World View: My beloved Cards deal from the top of the deck

November 03, 2011|By Imran Vittachi
  • [Hall of Famer Lou Brock with Eliza Rubenstein, of Costa Mesa, at the 2011 All-Star FanFest in Anaheim.
[Hall of Famer Lou Brock with Eliza Rubenstein, of Costa… (Courtesy Julie…)

I woke up Saturday morning from a fitful sleep.

I should have slept soundly, but my body and mind hadn't yet absorbed a new reality: My beloved St. Louis Cardinals, an imperfect but tenacious bunch who embodied the spirit of team play, overcame a Mt. Everest of adversity in the 2011 season and won it all.

By winning Game 7 of the World Series, they engraved another notch in their record as the National League's most successful franchise and the sport's second most successful one behind the New York Yankees since World Series play began in 1903.

Yet overnight, as Oct. 28 turned into Oct. 29, two questions kept gnawing away in my slumbering consciousness: Did they win or lose? And who would they have to play next?

Over the course of two months, those questions had developed from habit into a psychological reflex. For about eight weeks, in a state of yo-yo-like neurosis, I had been swinging from agony to ecstasy to agony and back to ecstasy.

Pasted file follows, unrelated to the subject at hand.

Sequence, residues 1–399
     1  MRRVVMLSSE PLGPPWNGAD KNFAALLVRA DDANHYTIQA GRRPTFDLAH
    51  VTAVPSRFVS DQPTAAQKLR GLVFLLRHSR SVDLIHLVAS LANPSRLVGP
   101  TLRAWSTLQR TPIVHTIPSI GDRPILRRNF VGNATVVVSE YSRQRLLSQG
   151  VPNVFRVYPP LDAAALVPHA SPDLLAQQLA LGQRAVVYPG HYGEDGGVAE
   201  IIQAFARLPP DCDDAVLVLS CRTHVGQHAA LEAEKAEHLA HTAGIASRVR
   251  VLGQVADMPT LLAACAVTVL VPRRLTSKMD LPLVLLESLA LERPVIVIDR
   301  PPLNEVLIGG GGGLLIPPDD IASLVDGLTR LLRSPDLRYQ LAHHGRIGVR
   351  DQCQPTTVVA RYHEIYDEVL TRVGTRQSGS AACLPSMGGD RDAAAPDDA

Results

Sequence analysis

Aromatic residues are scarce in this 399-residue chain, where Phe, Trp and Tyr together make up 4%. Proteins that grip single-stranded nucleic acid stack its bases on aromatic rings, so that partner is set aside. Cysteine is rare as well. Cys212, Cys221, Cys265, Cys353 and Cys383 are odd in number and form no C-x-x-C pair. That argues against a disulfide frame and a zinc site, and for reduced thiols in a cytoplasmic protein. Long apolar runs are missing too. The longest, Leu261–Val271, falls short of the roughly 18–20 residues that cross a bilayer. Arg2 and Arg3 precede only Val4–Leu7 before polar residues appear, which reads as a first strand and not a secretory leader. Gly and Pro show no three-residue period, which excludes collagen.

I'm not even from St. Louis, but I have been pulling for the Red Birds since 1981, when I switched my allegiance away from the Bronx Bombers. The Yankees, in my view, were the only respectable team in the two-team city where I grew up. But they had become fat and complacent millionaires back in the days when free agency still hadn't reached today's grotesque proportions. The Yanks also embodied New York's swagger, an arrogance that I never cared for very much.

The Cardinals, on the other hand, were a storied but less flashy franchise from a tough, crime-ridden city in the nation's heartland. In 1981, they were a lean and hungry team who played an exciting brand of baseball. They were beginning then to return to glory after a dismal decade in the 1970s.

I also was an easily impressionable teen. I couldn't resist the mystical "StL" logo on the caps and the uniforms with the birds on the bat — the coolest in the game.

In the Cardinals I discovered Midwestern values of hard work, thrift, pragmatism, modesty and hardiness, which I've tried to adapt to my own life. I have stuck with the Cards through both good and bad times, and like most of the other faithful in Cardinal Nation, I have known my fair share of heartache in the playoffs and World Series.

Such losses have helped me to become a more resilient person. Seriously.

I even find myself applying to my own life the hawk-eyed wisdom of Tony La Russa, the Cards' now-retired and famously intense manager, who once said: "Expect the worst. Hope for the best."


A grand game

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